Art inspires art. Pictures have been inspired by music, sculpture by dance, poems by gardens, and at RHS Chelsea this year, there'll be an Artisan garden inspired by Samuel Coleridge's poem This Lime Tree Bower my Prison.
Today is World Poetry Day, so what better moment to mention that visitors to the show will be encouraged to lick their pencils (metaphorically, if not literally) and jot down a micro-poem inspired by Fiona Cadwallader's Poetry Lover's Garden or, indeed, any of the displays around them.
Twitter, Facebook and Instagram contributions will be encouraged with the hashtag #CFSpoet, or you'll be able to post directly onto Fiona Cadwallader Designs Facebook page. For those with a real pencil, there'll be a poem pot ready to receive on site and each day Fiona will select her Poet of the Day from all the entries.
I suspect Coleridge is almost better known for his presence in BBC Radio 4's comedy The Wordsmiths at Gorsemere - where as Cholericke he joins Lord Biro, Percy Jelley and the Wordsmiths in a delicious parody of Romanticism and the Lakeland poets - than for his poetry these days. That, or the story of his losing the ending to Kubla Khan when interrupted by a "person from Porlock". What writer can't imagine the agony of that?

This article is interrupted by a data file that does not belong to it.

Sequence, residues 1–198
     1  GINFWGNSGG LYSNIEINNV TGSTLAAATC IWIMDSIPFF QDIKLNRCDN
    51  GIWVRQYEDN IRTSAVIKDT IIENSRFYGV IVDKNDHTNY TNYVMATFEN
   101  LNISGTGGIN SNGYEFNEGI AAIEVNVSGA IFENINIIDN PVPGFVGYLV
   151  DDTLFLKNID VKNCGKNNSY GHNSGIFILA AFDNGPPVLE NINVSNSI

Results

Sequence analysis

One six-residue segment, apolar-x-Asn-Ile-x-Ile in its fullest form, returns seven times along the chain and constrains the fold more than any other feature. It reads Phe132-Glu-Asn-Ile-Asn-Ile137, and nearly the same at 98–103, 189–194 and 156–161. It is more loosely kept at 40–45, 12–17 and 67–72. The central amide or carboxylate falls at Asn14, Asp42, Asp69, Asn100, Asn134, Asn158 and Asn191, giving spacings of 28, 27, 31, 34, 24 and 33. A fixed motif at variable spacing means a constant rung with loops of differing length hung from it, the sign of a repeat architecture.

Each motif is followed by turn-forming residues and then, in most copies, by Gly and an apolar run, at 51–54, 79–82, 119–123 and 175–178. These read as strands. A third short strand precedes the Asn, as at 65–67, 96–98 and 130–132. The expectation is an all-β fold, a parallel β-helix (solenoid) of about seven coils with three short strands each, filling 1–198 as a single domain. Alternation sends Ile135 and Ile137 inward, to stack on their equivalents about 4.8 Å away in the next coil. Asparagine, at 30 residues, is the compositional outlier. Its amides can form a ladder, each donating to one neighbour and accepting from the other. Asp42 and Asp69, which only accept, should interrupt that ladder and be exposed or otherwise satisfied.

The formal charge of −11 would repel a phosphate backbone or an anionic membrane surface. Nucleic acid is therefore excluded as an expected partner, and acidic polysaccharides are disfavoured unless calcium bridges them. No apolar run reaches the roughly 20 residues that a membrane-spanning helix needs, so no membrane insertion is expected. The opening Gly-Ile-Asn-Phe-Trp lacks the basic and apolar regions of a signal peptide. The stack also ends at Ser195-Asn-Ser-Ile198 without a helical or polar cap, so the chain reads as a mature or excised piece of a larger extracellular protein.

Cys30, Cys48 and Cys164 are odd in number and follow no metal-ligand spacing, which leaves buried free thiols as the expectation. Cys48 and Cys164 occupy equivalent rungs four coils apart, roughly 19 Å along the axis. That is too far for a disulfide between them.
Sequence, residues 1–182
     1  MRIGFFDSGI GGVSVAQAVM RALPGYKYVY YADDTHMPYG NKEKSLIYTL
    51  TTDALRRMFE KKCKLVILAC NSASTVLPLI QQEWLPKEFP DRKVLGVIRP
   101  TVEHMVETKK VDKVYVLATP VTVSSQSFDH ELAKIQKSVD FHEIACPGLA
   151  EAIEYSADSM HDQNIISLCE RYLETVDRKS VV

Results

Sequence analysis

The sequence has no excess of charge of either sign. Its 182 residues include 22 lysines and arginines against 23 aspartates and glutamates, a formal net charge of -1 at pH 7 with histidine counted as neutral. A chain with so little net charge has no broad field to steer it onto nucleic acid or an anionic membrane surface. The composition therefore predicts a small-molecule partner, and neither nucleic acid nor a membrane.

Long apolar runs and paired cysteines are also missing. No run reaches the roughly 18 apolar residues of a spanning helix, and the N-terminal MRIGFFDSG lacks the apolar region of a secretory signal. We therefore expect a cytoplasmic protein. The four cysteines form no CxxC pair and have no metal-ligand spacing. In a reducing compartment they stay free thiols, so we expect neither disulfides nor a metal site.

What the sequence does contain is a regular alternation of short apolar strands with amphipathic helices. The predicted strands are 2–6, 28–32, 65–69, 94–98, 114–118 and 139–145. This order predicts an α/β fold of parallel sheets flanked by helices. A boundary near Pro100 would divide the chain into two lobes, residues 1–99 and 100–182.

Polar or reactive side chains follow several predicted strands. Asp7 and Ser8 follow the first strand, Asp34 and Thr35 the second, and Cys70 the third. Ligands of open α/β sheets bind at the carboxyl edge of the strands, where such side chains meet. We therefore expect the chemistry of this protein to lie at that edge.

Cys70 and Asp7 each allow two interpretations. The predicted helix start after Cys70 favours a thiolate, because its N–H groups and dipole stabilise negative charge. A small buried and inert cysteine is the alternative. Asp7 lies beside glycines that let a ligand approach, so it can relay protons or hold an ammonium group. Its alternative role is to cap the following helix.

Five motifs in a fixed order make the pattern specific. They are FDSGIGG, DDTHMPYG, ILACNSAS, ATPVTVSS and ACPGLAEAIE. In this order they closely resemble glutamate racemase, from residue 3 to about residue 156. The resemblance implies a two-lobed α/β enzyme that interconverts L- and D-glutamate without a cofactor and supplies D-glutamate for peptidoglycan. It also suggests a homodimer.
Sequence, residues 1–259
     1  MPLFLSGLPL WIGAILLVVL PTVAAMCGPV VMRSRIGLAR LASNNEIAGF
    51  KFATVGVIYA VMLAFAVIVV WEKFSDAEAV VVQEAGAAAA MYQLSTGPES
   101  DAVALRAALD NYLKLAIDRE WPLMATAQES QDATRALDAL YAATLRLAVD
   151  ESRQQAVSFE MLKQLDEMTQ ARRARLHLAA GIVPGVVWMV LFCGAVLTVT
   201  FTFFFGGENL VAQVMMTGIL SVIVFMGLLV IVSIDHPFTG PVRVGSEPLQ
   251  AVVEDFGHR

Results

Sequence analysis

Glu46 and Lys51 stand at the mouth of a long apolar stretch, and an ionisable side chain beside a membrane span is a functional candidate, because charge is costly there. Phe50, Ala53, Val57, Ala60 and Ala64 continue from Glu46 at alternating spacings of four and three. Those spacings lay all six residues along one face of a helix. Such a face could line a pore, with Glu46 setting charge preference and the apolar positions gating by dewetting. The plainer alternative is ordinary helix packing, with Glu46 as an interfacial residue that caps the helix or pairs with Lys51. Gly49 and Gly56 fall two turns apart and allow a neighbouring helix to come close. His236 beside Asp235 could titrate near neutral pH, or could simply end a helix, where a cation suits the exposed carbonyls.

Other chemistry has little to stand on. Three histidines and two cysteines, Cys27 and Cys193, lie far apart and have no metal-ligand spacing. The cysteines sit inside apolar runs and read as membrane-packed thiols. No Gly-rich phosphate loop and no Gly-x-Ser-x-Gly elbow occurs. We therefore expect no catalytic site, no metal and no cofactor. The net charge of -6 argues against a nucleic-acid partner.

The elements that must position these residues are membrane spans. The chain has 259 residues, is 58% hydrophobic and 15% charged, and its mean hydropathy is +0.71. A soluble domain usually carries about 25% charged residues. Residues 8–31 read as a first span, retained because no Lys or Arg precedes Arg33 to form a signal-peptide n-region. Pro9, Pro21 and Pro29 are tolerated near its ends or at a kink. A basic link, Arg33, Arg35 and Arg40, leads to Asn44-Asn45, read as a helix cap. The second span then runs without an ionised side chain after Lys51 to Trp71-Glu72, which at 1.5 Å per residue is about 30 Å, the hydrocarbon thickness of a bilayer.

This Lime Tree Bower my Prison was written by Coleridge when he was forced to stay at home, under a lime tree, while his friends took a walk which he was unable to share, having been temporarily incapacitated by his wife pouring boiling milk on his foot.
Instead, he imagines the scenes they see, and enjoys his own situation:
Nor in this bower,
This little lime-tree bower, have I not mark'd
Much that has sooth'd me. Pale beneath the blaze
Hung the transparent foliage; and I watch'd
Some broad and sunny leaf, and loved to see
The shadow of the leaf and stem above
Dappling its sunshine! And that walnut-tree
Was richly ting'd, and a deep radiance lay
Full on the ancient ivy, which usurps
Those fronting elms, and now with blackest mass
Makes their dark branches gleam a lighter hue
Through the late twilight…
Fiona Cadwallader says, “I studied Coleridge’s work at university and This Lime Tree Bower My Prison made a big impression on me, as the poem echoed my own belief that everyone has an innate appreciation for nature."
She's slightly more optimistic than I am with that opinion, especially when you look at the various town planning schemes that get the go-ahead, but she adds that gardens can be heightened appreciation of nature. "So, when I was considering ideas for my first Chelsea show garden, it felt natural for me to reference the themes of this beautiful poem in the design."
Gardens and poetry do seem to have an affinity. This June the Open Squares Weekend in London will again be hosting Poets in Residence, with thirty poets available in twenty-seven gardens. They too will be encouraging contributions from the public, so now's the time to start sharpening those pencils.